How Government Contracting Works

How the government buys

Definitive Contracts:  The classic method, the government puts out a solicitation for 100 trucks or two years worth of IT services and vendors bid

Full-and-open contracts: This is a flavor of either of the above that means that anyone can bid on it (code that means that large primes can bid on it)

Sole-source:  A type of Definitive contract that is awarded directly to a company without having to go through the full acquisition process

Auctions: The government can buy products and services through a reverse auction format (e.g.) FebBid

Indefinite Contracts (e.g. IDIQs, GWACs, BPAs or GSA Schedules): A frame work contract that lays out the contours of the kinds of trucks or IT services that the government wants to buy over the next X years. The actual purchases come later in the form of POs (purchase orders) or DOs (delivery orders)

Set-aside contracts: Another flavor that means that only small business, or companies that have a particular designation (e.g. woman owned) can bid on it

Simplified acquisition:  A type of Definitive contract that because of its small size (<$150K) doesn’t have to go through the full acquisition process

Other Transaction Authority (OTA): A simplified acquisition process used to buy hightech prototype to pilot in the government

The key players in the process

Concerned with WHAT the government is buying
• Janitorial:
  • What will be cleaned
  • What standards it is cleaned to
  • How it is cleaned
• Fighter jets:
  • How high
  • How fast
Concerned with HOW the government is buying, and WHO the government is buying from
• Process and regulatory compliance
• Meeting small business targets
• Small business only
• Woman or Veteran owned businesses only
• Full and open
• Pricing and evaluation strategy
• Low Price Technically acceptable
• Best value






1. Need Identification

The government identifies a need that they have and then decides that they would like a contractor to address it (maybe a new award or a re-compete)

  • -Collect information from internal stakeholders
  • -Informally engage industry
  • -Interview end-users
  • -Read up on whitepapers and other thought leadership pieces
  • -Early conversations with the contracting officer about how the bid would be structured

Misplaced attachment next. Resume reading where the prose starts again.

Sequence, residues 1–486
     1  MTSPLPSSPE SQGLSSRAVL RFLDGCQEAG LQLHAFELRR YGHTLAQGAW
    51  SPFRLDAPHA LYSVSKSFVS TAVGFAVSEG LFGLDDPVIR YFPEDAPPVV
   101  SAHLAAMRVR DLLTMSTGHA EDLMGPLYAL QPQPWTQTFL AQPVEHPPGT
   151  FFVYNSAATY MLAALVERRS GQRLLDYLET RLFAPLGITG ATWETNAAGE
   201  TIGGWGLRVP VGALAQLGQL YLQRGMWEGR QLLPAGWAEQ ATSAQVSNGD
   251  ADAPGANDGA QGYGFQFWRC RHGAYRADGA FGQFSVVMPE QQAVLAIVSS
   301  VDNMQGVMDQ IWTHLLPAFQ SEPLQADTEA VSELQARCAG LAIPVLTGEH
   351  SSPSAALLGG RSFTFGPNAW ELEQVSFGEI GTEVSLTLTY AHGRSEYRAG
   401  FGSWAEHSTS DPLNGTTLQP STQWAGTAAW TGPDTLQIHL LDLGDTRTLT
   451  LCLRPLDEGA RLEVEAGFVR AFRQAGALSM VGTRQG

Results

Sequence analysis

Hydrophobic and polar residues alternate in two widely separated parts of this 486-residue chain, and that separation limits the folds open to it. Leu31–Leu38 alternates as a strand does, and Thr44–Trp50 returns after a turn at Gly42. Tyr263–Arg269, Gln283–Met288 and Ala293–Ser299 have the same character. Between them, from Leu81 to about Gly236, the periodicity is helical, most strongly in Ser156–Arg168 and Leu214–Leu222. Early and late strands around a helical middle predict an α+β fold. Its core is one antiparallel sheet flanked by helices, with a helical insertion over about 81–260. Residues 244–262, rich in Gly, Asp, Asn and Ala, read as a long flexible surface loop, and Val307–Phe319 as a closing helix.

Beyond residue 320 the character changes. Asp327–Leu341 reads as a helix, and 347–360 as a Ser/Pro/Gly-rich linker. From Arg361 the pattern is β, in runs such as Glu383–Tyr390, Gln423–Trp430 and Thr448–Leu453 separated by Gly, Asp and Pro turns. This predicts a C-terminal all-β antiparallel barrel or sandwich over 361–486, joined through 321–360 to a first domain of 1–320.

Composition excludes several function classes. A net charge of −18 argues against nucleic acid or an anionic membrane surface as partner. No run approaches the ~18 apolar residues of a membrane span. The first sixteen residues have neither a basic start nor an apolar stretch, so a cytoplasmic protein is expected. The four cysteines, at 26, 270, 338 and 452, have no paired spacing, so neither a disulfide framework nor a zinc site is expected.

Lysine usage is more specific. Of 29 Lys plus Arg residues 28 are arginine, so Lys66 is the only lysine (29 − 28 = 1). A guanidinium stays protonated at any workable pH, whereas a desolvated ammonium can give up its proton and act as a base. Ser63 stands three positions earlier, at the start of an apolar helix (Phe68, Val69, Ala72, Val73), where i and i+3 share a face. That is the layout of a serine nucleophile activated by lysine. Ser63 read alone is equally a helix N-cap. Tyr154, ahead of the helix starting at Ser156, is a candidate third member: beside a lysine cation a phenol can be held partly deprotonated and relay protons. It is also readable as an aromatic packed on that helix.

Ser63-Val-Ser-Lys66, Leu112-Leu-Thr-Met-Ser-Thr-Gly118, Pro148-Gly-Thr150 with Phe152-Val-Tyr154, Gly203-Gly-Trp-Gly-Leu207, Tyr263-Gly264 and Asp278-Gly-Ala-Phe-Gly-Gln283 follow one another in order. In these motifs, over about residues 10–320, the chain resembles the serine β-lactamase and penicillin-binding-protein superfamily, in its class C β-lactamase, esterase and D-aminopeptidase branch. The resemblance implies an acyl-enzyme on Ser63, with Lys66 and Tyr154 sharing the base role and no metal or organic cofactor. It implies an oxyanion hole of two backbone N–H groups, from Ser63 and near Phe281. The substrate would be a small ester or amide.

• -Reviewing agency-wide contracting goals
  • -Look at any previous versions of the contract

2. RFI Released (sources sought)

The government polls industry to get input on how to address the need and to understand the composition of the interested vendor community

  • -Release an RFI that describes the needs that the government is trying to address
  • -Share any thinking about how the government wants the need addressed
  • -Review responses to the RFI (from a substantive perspective)

-Review responses to the RFI (from a process perspective)

  • -Set-aside
  • -Evaluation processes

3. RFP Released (on the street)

The government’s need is formalized in a document that specifies exactly what they want to buy and how the bids will be evaluated

Provide input to the RFP that lays out

  • -Exactly what the government wants
  • -Release the RFP

Provide input to the RFP that lays out

  • -How the government wants to buy it
  • -Who can bid
  • -How bids will be evaluated

4. Proposals Written and Submitted

The interested vendor community forms teams to respond to the need and begins writing up how they would address the need.

Answer questions about the RFP

Answer questions about the RFP

5. A Winner Is Selected

Based on the evaluation criteria the government chooses a winner.

  • -Contribute to proposal review committee on technical merit issues
  • -Debrief
  • -Contribute to proposal review committee on procedural issues
  • -Debrief
  • -Inform winners
  • -Ensure administrative compliance

6. Bid Protests Resolved

  • -Any losing company can protest the award decision made
  • -Becoming more and more frequent practice, but at a price

-Try to ensure that a protest is not filed

-Defend decision if a protest is made

-Try to ensure that a protest is not filed

-Defend decision if a protest is made

7. Work Begins

The winning bid team begins work

On-board winner and help stand-up the work

Ensure administrative processes are met